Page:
Father Kevin Njoku

Father Kevin Njoku. Photo by Susie Cunningham for Beaudesert Bulletin.
Father Kevin Njoku. Photo by Susie Cunningham for Beaudesert Bulletin.

If you have ever been to a funeral led by Father Kevin Njoku, you have experienced his warm spirit, candid humour and depth of humanity.

His love for the people of Beaudesert, where he has been parish priest since 2017, shows as much in the way he values having a beer with mates as it does in his heartfelt sermons.

In local sporting circles, Father Kevin is affectionately known as ‘Kev’.

He trains and plays every week with Beaudesert Soccer Club and Beaudesert Tennis Club, conveniently located either side of St Mary’s where he lives and works.

“I love the opportunity to run around with mates and afterwards we share a beer together, tell stories and it gives me that sense of belonging,” he said.

“I’ve always felt welcome and free, there is no segregation and they’ve never seen me as just a priest, but a good number have come to church, bringing their children for baptisms through that connection.

“The day I was installed as a parish priest here, the tennis and soccer club members put on their uniforms and came along – it meant so much to me and I’ll never forget that day.”

When Fr Kevin arrived in Australia in 2015, it felt like travelling to the edge of the earth.

His mother Beatrice, his biggest influence growing up as the youngest of four siblings in Umuahia, Nigeria, encouraged him to follow his calling.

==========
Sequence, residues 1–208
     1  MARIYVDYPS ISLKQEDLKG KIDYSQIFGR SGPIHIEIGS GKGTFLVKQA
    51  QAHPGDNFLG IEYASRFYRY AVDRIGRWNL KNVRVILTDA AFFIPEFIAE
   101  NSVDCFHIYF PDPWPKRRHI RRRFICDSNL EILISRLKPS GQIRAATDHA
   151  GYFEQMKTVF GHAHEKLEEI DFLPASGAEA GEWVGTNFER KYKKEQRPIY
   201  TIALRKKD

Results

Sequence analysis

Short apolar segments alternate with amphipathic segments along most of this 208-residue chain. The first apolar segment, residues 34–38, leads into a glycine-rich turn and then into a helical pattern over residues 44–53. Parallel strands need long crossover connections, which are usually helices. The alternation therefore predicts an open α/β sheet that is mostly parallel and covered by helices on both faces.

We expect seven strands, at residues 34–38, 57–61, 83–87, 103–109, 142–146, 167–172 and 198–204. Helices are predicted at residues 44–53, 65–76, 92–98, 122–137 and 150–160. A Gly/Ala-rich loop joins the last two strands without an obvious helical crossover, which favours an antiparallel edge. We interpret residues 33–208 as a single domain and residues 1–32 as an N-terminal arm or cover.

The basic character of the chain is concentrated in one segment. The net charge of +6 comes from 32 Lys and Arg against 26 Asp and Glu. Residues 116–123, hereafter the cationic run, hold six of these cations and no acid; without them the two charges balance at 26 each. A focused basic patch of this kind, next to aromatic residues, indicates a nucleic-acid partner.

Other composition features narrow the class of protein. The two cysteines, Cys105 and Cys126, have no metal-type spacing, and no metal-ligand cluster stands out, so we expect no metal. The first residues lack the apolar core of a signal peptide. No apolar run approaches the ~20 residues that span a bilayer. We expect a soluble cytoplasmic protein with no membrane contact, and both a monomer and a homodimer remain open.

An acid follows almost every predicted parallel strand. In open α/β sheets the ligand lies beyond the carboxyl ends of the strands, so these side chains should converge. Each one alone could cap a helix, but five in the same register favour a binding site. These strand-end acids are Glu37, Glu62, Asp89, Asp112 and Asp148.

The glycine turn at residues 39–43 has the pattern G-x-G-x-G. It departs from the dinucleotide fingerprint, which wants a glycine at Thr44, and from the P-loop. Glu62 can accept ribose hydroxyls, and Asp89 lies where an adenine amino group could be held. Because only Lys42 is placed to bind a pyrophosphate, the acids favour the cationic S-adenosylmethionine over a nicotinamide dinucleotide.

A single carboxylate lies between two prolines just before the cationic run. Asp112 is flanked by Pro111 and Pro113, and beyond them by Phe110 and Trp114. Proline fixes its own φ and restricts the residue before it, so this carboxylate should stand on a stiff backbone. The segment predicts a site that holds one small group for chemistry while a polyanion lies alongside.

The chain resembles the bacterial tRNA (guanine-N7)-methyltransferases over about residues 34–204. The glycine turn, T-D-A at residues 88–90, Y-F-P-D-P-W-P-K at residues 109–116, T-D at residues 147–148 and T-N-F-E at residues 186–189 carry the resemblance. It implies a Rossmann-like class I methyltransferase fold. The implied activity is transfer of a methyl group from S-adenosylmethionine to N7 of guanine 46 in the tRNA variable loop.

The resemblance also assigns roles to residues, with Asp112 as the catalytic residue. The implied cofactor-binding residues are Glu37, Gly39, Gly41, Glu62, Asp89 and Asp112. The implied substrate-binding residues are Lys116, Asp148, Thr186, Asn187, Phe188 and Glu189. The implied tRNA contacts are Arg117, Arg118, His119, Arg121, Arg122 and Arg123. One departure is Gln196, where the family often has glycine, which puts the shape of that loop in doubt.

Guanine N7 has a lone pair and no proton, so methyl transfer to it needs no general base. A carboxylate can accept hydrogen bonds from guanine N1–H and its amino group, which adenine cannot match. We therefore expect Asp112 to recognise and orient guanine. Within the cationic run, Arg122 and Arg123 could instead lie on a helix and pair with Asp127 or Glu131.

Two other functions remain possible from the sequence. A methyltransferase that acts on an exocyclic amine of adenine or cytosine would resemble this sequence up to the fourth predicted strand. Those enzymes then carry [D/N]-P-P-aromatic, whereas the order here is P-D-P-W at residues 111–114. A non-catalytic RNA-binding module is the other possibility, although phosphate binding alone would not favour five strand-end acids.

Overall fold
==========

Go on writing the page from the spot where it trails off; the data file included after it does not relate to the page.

He came here as an ordained priest with degrees in philosophy, theology and economics.

When his mum died just three months after his arrival to work at a church in Capalaba, he experienced the support of the Australian people, who made it possible for him to travel back for the funeral despite being only a few months into the job.

There are thousands of parishioners across the nine churches Fr Kevin is responsible for.

Of course, that doesn’t mean they all attend church.

“We have more than 6000 parishioners, but the thing is people keep to their faith but they’re not quite active,” said Fr Kevin.

“A good number still connect with the church for birth, weddings and death. When someone dies, people come back to faith – that’s what keeps us connected.”

Connecting with people from a different culture to your own in tight knit country communities can be tough, but Fr Kevin believes in the power of humanity.

He leads churches at Beaudesert, Palen Creek, Rathdowney, Christmas Creek, Kerry, Canungra, Tamborine, Tamborine Mountain and O’Reilly’s, trying to visit each one monthly.

“There is God in every human being – whatever you do for another person, you have done for God. If someone is kind to you, God is being kind to you,” he said.

“So, it doesn’t really matter if people are going to church or not. What matters is people being kind.”

SRM Print

About Susie Cunningham 0 Articles
Journalist telling the stories of where I live. I love living and working in Beaudesert and when I'm not working you'll see me walking the dogs with my husband Zac.